Sunday, July 24, 2016


Last year I tried to implement a wheel encoder in between heats and failed. The ambient light was just too bright. So this time I am building the wheel encoder into the gearbox. I took the spare gearbox apart to see what the best way to do it is. Inside the casing is a differential gear in the form of a cylinder with gear teeth around the outside and the differential gears inside. The cylinder is sealed, held together with 4 screws. But, the outside of the cylinder is perfect for my design. The gearbox cover plate in that part of the gearbox is relatively easy to remove, and in just the right spot. If a hole is drilled through that plateau optical sensor can be set up to look through the hole and read the half of the differential cylinder face which is painted white. Two such sensors can be used to mak single-track quadrature encoder, which can tell whether the wheel is turning forward or reverse.

I have a pair of QRF1114 sensors specifically designed and obtained for this purpose. This part is basically just an infrared LED and an infrared phototransistor in the same case. It isn't directly useful as-is, but I combined it with a few resistors and made a three-terminal analog device.

Friday, May 13, 2016

Hooray for distributed backups!

I found a backup of my database from April 21 of this year, which was only a couple of days before the failure. That should have all of my wikis and gallery data, and therefore represents the second-most important data I have. The most important is the code, and that is backed up by means of git. I know for sure that there is a valid git repository on one of my portable USB disks

Thursday, May 5, 2016

Yet Another Episode in the Annals of Data Stewardship

Having learned my lesson from before, I did not set up my filesystem as one big raid0. I did a btrfs raid5 instead. When one of the disks finally did give out, it wasn't with the click of death I heard before, but with read errors. The btrfs degraded, and by mounting read-only in recovery mode, I was able to use the two good disks in order to get my data.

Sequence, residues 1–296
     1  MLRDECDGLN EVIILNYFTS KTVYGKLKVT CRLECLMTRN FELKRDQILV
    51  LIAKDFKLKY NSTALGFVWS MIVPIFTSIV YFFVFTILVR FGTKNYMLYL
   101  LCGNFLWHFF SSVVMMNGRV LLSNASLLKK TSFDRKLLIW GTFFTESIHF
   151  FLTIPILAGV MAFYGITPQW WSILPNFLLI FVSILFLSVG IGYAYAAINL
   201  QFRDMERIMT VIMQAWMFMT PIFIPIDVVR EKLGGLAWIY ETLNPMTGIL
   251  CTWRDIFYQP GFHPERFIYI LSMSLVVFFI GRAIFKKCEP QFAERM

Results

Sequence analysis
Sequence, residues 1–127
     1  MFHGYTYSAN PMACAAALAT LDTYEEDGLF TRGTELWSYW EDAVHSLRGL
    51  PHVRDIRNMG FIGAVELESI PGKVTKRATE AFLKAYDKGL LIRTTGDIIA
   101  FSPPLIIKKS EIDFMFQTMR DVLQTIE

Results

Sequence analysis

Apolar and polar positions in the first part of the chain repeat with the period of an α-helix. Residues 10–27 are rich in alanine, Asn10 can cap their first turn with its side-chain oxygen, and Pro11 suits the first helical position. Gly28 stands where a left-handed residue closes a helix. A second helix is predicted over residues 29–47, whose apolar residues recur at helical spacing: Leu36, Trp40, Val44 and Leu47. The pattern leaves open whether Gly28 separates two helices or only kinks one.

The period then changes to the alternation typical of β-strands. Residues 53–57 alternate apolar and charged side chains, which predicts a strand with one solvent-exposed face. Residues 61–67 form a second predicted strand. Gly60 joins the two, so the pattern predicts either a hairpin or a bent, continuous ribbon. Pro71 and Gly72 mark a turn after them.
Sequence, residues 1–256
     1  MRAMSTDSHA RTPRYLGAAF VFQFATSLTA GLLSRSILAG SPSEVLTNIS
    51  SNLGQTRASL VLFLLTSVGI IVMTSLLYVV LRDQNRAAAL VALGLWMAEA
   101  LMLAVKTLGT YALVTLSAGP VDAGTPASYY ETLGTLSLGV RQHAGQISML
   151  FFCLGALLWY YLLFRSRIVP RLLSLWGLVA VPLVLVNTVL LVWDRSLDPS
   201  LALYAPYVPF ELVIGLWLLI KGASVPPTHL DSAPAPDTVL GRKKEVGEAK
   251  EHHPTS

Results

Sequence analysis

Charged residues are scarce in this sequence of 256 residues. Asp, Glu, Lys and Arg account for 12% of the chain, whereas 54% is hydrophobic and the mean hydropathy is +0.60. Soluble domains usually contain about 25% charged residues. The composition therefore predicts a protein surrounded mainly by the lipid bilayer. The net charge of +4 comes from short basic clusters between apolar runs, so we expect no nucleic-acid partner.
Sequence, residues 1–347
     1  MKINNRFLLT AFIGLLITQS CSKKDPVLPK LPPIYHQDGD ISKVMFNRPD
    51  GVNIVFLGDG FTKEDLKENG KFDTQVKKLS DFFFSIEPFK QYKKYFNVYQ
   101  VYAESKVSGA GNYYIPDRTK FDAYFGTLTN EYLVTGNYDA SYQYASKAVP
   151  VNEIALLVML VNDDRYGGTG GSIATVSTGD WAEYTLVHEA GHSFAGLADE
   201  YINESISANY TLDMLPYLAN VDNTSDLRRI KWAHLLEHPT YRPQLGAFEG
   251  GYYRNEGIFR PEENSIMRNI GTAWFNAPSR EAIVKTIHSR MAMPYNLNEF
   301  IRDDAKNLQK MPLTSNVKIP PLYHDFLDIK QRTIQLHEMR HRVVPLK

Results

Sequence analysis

Or so I thought.

A word on the issue I was having. I was seeing "stale file handle" warnings, of the type you see when you are in a folder that is NFS mounted, after you lose connection. But, this wasn't an NFS system. I rebooted the system and it wouldn't come up, because the btrfs refused to mount. After manually mounting in degraded mode, many of the disk accesses reported errors in dmesg, about the generation of certain metadata being off of the expected value, often by hundreds or thousands of generations.

First, I decided that I had lost confidence in btrfs -- if it wasn't going to keep working in the presence of a disk failure, what was the point? I spent the next several days scraping data off of the btrfs and putting it wherever I could find a place for it - on the USB disks I have, on other computers, on the system disk, etc. I then replaced the bad disk and formatted them all as zfs - now possible since Ubuntu 16.04 includes a native zfs driver.

Finally, I started copying data back onto the zfs. All appeared to go well, until I tried to bring up the wiki. The LocalSettings.php file was completely blank - it had the expected value, but all bytes in the file were 0x01 . Hrm.

Turns out a lot of files were like this. Files I care about, like the database, the git repositories, etc. It seems like the newer the file is, the more likely it is to be damaged like this.